Whenever you hear someone speak of the amur leopard, the topic of conversation often revolves around poaching, habitat fragmentation and of course, endangerment. And is it surprising? As few as 70 adult amur leopards are said to be remaining in the wild with this cat being labelled as potentially the rarest big cat on the planet.
Native to the borders of the Russian Far East and North East China, this spotted beauty is known for its thick winter coat, growing hairs that can reach up to 7cm long, which has made this animal a popular choice in the poaching industry, along with the roe, red and musk deer, which the amur leopard hunts for food. However as of recent, more news has been spreading about the amur leopard, but in this case, the news isn’t so glum.
Everyone love babies!
We humans love a baby. Whether it’s our own, a relative or in this case… something that could grow up to eat us. On Saturday 25th June, Marwell Zoological Park announced an exciting birth of not one, but two amur leopard cubs who have in this last two weeks taken their first steps out into the public eye. Although these cubs are yet to be given names, plans for their futures are already being made with huge amounts of pressure being put on these little bundles of fluff.
The decrease in amur leopard’s have resulted in the Chinese Government offering their support to wildlife conservation across China after the amur leopard was made a priority by experts, which has resulted in identifying and protecting areas that are high in numbers of prey for leopards. However, are the births of these new cubs really as happy as they seem? Though solitary animals in the wild, amur leopards are said to live with their mother from 12-18 months before leaving to live on their own and have offspring between 2-3 years. But does living in captivity override this natural instinct?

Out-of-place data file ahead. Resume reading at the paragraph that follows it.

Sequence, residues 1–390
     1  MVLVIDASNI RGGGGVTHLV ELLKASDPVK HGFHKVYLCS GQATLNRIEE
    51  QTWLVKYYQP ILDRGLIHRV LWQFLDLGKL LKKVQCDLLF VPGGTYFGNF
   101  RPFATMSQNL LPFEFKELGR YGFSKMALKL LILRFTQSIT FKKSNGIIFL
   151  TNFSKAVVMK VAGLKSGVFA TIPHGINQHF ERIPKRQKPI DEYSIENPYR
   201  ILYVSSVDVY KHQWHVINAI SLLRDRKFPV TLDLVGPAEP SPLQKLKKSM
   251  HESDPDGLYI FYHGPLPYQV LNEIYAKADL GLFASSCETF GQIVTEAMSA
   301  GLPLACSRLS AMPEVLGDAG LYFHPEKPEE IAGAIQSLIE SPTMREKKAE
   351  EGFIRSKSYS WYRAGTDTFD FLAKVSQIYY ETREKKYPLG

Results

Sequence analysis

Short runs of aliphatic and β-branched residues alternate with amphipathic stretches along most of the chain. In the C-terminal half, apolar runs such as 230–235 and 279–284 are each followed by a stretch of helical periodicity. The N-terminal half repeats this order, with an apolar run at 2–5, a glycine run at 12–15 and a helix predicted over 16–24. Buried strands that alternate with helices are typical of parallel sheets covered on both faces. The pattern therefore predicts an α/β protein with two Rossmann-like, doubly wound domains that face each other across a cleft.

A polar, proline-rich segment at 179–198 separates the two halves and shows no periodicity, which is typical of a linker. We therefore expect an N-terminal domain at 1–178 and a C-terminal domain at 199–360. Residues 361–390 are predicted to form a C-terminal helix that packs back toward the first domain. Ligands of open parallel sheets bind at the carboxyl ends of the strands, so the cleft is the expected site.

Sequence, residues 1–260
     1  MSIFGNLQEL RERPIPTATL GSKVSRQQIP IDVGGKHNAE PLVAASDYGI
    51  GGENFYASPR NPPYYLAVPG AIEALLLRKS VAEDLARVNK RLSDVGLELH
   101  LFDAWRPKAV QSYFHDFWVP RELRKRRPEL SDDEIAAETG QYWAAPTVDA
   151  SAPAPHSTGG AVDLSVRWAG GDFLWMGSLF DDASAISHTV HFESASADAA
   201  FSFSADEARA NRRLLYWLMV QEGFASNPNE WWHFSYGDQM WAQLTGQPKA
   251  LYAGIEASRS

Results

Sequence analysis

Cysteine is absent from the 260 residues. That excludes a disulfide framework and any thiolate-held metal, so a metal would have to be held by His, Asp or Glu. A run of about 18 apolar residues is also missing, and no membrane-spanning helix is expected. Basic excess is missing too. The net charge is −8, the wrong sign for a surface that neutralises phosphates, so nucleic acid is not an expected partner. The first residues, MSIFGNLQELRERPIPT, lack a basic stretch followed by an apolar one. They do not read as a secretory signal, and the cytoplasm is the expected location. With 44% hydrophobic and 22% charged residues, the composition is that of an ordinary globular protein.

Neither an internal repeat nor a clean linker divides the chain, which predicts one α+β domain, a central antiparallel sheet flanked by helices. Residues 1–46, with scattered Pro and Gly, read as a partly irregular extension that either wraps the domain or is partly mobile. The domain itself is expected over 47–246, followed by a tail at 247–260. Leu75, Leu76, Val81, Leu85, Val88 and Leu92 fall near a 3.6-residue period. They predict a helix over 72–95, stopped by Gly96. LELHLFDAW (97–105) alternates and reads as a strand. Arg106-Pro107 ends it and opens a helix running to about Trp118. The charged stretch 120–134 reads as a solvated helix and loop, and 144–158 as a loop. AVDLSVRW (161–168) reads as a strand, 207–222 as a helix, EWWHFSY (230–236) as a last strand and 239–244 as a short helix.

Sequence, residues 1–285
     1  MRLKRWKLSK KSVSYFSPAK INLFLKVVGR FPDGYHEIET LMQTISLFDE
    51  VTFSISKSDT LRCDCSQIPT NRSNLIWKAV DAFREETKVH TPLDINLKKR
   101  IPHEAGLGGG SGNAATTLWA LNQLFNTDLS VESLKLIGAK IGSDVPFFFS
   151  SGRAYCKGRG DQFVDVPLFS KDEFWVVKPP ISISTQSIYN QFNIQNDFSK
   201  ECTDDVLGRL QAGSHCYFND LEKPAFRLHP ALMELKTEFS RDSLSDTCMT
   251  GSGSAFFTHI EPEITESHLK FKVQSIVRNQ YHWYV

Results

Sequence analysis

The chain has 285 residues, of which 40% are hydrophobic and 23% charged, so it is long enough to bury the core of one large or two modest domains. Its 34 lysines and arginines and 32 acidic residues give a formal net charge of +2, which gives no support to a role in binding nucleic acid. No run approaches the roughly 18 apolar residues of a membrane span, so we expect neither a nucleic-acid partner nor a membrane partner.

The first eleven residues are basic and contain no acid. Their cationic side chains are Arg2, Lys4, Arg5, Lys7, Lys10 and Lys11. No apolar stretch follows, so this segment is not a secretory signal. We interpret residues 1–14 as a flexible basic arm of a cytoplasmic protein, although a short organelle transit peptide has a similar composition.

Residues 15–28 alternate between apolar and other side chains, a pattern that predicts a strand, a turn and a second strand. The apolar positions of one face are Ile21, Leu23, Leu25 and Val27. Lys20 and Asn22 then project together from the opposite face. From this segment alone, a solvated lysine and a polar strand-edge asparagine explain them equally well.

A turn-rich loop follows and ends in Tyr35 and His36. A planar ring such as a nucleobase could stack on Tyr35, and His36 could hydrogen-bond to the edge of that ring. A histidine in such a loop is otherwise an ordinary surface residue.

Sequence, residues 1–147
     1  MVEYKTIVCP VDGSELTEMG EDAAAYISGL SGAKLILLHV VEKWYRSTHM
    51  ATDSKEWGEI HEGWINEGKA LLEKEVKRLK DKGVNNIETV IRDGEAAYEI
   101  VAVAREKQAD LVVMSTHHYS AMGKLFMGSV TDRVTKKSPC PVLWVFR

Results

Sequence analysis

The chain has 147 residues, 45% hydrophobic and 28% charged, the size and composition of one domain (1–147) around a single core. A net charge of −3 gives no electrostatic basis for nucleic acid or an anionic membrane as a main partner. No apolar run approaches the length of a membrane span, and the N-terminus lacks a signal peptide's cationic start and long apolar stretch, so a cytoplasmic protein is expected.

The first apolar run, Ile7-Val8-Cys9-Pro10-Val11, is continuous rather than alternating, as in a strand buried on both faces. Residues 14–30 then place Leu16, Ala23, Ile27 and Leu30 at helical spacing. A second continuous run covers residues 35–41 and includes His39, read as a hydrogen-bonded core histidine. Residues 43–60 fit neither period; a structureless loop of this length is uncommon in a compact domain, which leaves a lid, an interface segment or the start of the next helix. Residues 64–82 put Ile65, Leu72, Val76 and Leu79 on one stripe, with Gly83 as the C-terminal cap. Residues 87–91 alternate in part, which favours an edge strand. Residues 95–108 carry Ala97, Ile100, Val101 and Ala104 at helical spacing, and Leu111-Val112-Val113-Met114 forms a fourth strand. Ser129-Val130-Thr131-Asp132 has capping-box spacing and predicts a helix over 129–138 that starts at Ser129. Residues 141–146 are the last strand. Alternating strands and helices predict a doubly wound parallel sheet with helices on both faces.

It is proven that many animals in captivity are often reported to suffer separation anxiety when their offspring are moved on to take part in conservation breeding programmes around the world. Although this act is carried out to prevent inbreeding and improve gene pools, do the effects of separating mother and child affect the welfare of these animals and further more, their ability to reproduce in the future? This has typically been seen across orcas in captivity when mothers have been reported to display behaviours such as grief when their babies have been taken from them at ages as old as 24 months. Although orcas are known as sociable animals in the wild, living in pods of up to 30 individuals, is it guarenteed that other species such as the amur leopard won’t experience these emotions as well?
Having visited Marwell Zoo endless amounts of time as both a child and adult, the amur leopard is forever seen pacing alone in its enclosure, a common display of boredom and/or distress. Therefore, it’s not rocket science to understand that the birth of cubs will only provide this animal with an eternal sense of purpose, hope and to a certain extent, entertainment too, which will only be taken away when these new cubs are deported to play their part in the endangered species breeding programme. So it is now that I conclude this article with a question. Do the potential benefits that these cubs may contribute to the survival of their species outweigh the pain of a probable heartbroken mother?
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